Rivers of London, Part 4: Encore

In the fourth and final part of Rivers of London, the chase is on…

This review covers chapter 11 to the end of the book. Spoiler alert!

 

Sooooo, this post has taken much longer to write than I would have preferred. Don’t you just love those times when your own brain won’t let you get words out and onto a screen/page etc? Love those times. *Mops up sarcasm*

But here we are! It’s finally time to talk about the ending of Rivers of London, and what I remember at this stage is a remarkable case of hot pursuit, and a truly squirm-inducing brush with a horrible end for Lesley May.

I hope she sticks around in this books. Even as a secondary character I was drawn to her right away; I liked her snarky humour, and I was undeniably sympathetic to learn about how she’d been sucker-punched (heh) by our villain.

THAT SCENE IN THE OPERA HOUSE. I cannot get it out of my head. HER POOR FACE. Aaronovitch is clearly not a writer who’s inclined to hold back much when it comes to the horrifying elements of such a storyline, and as a result I was right there with Peter in his desperate efforts to stop Mr Punch and save Lesley before it was too late. Even right up to the very end, I couldn’t be sure he was going to succeed.

And can we just talk for a minute about HOW he catches Mr Punch? Travelling back in time and manipulating history all in the name of catching a supernatural bad guy might seem a bit overkill on paper, but in practice, here, it somehow works, providing a bit of impressive spectacle to all the nail-biting tension. It also opens up the potential of a wizard’s power to enough speculation that it’s bound to keep me hooked and reading to find out more for a while yet. If this is what Peter can do on a desperately driven spur of the moment, what might he be capable of with time and determination to study his craft and discover new tricks?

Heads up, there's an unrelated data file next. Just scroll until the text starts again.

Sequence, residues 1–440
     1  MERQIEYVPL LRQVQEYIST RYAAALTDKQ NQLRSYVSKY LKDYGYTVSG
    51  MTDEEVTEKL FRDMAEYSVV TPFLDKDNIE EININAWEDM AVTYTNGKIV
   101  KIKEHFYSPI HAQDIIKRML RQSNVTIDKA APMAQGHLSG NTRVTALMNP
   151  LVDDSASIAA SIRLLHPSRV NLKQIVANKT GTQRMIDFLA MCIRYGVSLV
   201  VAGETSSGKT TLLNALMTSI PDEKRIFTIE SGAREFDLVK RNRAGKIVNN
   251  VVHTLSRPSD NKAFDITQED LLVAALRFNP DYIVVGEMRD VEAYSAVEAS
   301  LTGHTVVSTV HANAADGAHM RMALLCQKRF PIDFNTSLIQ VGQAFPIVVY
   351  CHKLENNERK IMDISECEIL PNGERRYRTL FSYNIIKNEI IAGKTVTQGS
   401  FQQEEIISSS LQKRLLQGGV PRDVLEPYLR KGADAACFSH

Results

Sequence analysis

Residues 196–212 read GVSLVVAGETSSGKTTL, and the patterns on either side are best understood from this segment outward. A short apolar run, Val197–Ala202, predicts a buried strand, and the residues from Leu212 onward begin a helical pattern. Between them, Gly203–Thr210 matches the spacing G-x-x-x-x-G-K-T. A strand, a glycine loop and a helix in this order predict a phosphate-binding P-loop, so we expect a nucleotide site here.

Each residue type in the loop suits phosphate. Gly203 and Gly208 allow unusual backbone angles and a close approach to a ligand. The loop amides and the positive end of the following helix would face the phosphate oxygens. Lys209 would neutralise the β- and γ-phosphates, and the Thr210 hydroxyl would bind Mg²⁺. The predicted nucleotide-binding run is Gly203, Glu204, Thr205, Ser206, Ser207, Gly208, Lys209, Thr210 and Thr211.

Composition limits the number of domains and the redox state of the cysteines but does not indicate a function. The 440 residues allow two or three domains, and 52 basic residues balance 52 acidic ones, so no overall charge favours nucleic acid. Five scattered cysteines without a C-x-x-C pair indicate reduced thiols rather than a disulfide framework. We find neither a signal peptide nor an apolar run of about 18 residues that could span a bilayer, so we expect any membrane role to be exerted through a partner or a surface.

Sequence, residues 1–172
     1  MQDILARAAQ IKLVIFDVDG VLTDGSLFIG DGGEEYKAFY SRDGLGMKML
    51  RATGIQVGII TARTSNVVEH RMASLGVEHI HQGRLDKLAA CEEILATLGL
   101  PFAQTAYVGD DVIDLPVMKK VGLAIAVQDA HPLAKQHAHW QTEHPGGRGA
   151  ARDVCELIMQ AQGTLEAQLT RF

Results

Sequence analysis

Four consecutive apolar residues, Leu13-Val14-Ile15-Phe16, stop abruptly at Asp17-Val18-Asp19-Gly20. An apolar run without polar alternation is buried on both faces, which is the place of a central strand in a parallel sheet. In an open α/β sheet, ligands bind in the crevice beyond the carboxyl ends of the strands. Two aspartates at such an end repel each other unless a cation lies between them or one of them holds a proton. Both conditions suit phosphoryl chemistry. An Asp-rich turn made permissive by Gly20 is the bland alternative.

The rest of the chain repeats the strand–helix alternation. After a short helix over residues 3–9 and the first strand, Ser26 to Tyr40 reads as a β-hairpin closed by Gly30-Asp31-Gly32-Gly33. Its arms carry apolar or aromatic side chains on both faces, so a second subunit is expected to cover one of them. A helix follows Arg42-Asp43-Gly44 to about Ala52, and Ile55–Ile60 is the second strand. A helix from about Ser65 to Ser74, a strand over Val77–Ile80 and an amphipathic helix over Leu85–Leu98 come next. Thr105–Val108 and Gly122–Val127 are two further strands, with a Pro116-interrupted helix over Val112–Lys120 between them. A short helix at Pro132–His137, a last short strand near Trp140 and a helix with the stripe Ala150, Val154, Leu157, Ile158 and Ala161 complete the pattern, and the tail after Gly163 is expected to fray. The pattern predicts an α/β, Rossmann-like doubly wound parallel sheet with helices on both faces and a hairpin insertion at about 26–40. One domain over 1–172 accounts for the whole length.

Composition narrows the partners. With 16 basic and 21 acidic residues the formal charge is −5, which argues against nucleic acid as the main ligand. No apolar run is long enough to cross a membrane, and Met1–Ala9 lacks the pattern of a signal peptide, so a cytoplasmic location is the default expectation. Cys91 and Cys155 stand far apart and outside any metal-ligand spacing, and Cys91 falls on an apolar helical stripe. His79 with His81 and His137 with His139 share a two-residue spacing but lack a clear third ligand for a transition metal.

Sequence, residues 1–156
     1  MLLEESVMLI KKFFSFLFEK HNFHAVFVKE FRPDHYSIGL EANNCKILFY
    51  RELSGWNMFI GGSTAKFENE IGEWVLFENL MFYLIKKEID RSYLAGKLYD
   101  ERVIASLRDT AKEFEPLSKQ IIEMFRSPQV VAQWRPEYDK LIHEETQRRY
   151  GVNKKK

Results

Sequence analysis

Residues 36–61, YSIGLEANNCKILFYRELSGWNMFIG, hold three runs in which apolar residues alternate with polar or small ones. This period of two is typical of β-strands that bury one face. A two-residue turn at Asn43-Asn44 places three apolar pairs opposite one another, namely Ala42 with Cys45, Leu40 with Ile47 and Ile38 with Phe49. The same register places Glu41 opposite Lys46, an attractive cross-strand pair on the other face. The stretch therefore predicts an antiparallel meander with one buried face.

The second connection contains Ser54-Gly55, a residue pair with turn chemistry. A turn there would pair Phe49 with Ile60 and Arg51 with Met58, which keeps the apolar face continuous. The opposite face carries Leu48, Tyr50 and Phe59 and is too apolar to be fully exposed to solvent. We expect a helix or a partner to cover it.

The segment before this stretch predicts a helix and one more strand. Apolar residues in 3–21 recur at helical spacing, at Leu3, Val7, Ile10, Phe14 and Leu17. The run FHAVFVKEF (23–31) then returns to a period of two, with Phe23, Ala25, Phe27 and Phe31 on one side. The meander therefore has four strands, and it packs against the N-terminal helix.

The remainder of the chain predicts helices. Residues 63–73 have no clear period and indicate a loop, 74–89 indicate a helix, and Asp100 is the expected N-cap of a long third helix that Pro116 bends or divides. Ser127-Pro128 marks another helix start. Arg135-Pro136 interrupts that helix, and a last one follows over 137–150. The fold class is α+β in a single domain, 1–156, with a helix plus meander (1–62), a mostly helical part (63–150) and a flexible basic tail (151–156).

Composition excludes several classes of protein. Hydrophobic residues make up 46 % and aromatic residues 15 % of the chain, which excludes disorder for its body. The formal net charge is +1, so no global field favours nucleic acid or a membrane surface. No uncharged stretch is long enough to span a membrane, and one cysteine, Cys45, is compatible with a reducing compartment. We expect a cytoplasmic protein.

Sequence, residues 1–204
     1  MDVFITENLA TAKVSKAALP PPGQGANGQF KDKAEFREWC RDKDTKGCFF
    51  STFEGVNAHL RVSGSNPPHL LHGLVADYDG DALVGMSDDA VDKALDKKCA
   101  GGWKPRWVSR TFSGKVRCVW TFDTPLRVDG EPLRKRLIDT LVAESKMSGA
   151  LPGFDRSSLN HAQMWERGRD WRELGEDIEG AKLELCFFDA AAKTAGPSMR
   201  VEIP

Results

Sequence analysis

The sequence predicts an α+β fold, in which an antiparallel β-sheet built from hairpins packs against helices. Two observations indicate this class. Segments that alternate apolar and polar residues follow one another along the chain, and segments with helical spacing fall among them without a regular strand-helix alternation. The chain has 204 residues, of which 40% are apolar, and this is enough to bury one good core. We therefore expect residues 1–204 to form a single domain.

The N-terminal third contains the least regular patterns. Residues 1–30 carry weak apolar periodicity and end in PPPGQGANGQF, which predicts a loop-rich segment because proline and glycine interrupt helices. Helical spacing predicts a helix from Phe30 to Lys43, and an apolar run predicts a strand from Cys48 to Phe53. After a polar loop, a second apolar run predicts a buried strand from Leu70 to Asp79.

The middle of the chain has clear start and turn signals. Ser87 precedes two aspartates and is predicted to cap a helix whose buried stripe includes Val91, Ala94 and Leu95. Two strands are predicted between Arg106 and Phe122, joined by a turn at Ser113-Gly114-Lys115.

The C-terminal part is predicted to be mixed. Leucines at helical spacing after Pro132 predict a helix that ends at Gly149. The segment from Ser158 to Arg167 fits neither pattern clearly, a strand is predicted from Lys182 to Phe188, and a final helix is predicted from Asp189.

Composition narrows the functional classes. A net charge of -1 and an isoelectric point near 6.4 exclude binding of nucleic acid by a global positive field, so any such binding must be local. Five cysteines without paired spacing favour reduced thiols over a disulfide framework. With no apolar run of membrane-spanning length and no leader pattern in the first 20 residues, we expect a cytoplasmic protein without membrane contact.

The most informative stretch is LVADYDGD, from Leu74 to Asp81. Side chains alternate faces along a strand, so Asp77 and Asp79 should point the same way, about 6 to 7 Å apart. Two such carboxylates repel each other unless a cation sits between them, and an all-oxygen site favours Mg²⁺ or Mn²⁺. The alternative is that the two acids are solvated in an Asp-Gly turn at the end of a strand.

I also like that this finale gave him a chance to tie up the loose end of his promise to facilitate a peace treaty between Mama Thames and the Old Man of the River. Peter might have a long way to go but he really shows here that he’s coming to understand not only the scale and potential of what he can do, but the power that it can give him, and (I hope) how important it is to use that power wisely. He takes care of this loose end in the plot impressively well, and smoothly, though I was a little surprised at the result – namely, that Beverley agrees to be packed off to live with the Old Man’s people, away from her own river and her home. It’s done in the name of a trade, to make sure that the peace treaty will hold. Beverley and her cousin(?) are basically hostages to each other’s good behaviour, for however long such an arrangement is required to last.

Hopefully now this also means that Peter will have fewer opportunities to make my nose wrinkle with his shallow attitudes to women. Yes, this is all very impressive but I have not forgotten that our boy still has some growing up to do.

Oh, and Nightingale had better recover and rejoin the fray or I am going to be VERY UPSET. I love Nightingale, I won’t lie. I am very much here for more Nightingale.

That’s all I’ve got for this round, but tonight we are starting on the second PC Grant book, Moon Over Soho, so there will continue to be talking and writing and, I dearly hope, flailing and emotional spillage. See you next time…

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